Dung to clay ratios of 1:4 to 1:8 are common for plaster work, but 1:1 ratio is often used for flooring and art work. Cow dung provides homogeneity, improves workability, retards shrinkage on drying. Clay+cow dung surfaces are fairly impermeable to water.

Other dungs: Horse, donkey and other domestic and wild animals’ excretions are largely formed of fibres, and for that reason are eminently suitable as fillers for excessively plastic clays. But such dungs or excretions do not rot or decompose as readily as a cow dung.

Other additives for dung+clay mix: Chopped grass, hay, husk etc. reduce plasticity while providing fibrous reinforcement. Hay and grass are vulnerable to white ants, but husk of rice due to presence of toxic oils is almost immune from it. Long fibres of jute, coir, human and animal hair and short fibres of lint, viscose, glass wool and asbestos are selectively used for providing reinforcement against cracking.

Sand stone dust, shell and lime kanker (pebble or gravel like hard nodules) provide ‘body’, improve workability and to an extent reduce shrinkage. Calcined, hydraulic and non hydraulic limes and calcined gypsum (plaster of Paris) are used for better initial setting and over all strength. Whiting and china clay are mainly used to impart lighter colour tones. China-clay, because of its hydrophilic nature helps the mixing of water and `false'-initial setting of the mass. 

Fly ash, a fine residue of from pulverized burnt coal, collected from chimney stacks and boilers, contain 55 % SiO2, 30 % Al2O3, 5% CaO and 7 % Fe2O3. These crude forms of tri calcium silicate and tri calcium aluminate in the presence of water form a gelatinous compound, binding the clay particles. Fly ash is an excellent additive for mineral types of soils. Mineral coal ash, if fine and free from unburnt coal and sulphur can be used as filler provided black colour is not objectionable.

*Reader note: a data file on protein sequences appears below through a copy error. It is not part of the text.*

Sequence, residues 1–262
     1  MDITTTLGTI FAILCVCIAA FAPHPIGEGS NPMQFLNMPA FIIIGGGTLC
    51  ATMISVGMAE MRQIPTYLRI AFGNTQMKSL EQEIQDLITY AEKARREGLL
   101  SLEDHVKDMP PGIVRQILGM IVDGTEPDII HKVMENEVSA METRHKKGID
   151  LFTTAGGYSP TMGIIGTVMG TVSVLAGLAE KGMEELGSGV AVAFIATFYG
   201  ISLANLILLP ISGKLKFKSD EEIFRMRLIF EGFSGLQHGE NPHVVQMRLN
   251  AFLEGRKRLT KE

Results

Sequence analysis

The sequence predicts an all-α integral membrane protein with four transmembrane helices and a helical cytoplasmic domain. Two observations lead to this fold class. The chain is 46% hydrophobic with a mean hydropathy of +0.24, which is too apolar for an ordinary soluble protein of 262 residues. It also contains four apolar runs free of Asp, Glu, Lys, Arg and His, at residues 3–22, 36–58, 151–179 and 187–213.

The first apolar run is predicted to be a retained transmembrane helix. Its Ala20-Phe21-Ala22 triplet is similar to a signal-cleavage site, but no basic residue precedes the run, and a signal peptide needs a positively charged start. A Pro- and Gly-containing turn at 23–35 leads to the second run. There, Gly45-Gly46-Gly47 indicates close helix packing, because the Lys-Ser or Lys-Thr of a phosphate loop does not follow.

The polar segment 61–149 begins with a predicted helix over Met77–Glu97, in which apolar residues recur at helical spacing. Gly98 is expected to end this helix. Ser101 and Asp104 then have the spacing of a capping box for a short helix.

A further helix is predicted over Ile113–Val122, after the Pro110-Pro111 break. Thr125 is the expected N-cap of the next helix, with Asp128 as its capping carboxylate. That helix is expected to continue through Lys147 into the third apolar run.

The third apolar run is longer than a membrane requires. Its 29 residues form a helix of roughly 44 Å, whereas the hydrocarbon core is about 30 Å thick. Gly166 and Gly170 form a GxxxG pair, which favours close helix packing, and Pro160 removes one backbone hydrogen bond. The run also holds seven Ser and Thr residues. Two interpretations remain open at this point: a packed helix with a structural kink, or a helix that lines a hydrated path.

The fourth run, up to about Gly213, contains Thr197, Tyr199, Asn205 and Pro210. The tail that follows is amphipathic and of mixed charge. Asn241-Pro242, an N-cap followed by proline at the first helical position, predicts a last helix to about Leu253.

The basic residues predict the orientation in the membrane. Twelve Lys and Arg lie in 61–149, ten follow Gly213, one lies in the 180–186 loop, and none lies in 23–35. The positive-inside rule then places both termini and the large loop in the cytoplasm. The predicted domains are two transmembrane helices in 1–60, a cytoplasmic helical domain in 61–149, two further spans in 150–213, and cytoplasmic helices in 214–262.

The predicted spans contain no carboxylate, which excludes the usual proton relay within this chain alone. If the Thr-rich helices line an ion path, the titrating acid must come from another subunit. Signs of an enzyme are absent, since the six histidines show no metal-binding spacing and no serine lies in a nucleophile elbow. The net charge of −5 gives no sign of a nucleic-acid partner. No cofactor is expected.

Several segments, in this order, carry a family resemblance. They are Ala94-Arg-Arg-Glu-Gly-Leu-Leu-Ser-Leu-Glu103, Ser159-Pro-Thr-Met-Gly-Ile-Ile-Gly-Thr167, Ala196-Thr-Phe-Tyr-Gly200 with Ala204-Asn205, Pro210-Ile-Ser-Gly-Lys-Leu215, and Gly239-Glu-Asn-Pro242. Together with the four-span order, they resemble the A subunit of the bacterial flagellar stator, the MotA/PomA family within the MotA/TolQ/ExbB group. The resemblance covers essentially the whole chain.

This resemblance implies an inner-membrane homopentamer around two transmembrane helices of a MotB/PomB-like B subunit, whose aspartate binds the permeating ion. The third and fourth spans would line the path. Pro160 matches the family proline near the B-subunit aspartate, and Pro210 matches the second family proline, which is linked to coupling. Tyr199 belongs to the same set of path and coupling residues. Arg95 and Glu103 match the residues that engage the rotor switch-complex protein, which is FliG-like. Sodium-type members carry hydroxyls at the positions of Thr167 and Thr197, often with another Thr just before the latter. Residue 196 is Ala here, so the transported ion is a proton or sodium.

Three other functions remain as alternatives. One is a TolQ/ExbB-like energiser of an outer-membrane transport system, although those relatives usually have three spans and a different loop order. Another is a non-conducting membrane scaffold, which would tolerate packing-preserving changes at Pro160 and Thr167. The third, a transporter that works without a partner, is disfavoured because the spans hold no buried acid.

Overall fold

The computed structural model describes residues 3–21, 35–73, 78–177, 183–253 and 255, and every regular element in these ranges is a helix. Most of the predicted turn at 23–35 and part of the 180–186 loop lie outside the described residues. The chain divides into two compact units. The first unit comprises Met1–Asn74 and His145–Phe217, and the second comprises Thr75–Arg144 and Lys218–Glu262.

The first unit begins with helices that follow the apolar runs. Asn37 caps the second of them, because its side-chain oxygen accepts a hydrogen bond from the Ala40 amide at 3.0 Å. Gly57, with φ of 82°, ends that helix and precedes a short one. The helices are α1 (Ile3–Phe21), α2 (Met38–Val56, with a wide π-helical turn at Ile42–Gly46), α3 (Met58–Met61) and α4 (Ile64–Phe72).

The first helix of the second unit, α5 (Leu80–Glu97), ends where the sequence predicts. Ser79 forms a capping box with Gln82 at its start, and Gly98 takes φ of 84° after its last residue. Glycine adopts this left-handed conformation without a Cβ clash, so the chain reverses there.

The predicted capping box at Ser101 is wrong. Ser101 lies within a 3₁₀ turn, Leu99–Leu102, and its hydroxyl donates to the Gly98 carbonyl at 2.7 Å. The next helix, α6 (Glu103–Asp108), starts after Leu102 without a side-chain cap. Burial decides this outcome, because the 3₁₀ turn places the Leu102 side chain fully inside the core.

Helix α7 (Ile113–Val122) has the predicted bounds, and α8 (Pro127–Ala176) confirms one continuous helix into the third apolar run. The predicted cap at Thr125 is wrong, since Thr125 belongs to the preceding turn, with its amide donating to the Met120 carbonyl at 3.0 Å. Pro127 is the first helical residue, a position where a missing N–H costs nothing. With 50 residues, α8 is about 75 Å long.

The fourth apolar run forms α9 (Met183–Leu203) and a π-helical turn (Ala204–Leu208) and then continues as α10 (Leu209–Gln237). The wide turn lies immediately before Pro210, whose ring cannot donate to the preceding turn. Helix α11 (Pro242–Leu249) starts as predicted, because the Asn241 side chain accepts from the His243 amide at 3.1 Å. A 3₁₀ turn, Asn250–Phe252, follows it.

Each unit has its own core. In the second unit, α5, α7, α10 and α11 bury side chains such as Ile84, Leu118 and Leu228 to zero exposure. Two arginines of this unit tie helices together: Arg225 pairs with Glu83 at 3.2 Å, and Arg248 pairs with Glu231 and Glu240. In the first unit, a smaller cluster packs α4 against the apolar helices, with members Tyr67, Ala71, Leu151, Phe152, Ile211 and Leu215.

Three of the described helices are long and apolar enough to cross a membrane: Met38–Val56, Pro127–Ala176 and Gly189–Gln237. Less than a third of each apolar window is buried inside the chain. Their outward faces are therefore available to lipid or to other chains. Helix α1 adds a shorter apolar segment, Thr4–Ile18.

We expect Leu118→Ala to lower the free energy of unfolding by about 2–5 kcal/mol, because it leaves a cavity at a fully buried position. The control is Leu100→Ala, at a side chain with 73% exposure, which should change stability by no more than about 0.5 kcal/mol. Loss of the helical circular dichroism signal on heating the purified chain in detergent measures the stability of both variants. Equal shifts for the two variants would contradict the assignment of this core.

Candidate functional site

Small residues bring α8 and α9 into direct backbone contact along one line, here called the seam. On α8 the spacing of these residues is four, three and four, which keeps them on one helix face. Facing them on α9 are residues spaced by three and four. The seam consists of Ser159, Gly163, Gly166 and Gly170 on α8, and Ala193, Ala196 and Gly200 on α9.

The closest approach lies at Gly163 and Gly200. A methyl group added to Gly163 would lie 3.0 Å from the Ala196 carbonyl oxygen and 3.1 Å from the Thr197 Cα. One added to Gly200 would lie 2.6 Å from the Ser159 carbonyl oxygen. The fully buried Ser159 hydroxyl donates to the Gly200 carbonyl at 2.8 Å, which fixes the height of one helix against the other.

Pozolana is not cementious by itself, but mixed with lime and water it sets. It is an active siliceous material that reacts with hydrated lime to form a gel, which on drying becomes insoluble and stable. Slag is a siliceous waste taken off from the molten ores of metals. If slag is quenched immediately on its removal from a furnace, crystallization of silica into glassy structure is stopped. Slag also needs hydrated lime to form a gelatinous set able compound with water. Slags contain sulphur and can be used to neutralize alkaline soils.

Surkhi is a manufactured siliceous compound to which addition of lime is not required. All these materials, pozolana, slag, surkhi are used with organic plastic clays to achieve initial setting and with mineral soils for greater homogeneity.

Portland cement 5 % to 18% on dry clay weight basis is used for quick setting, better wear-tear properties and overall mass strength. Sandy or mineral soils require lesser amount of cement then organic or silt soils.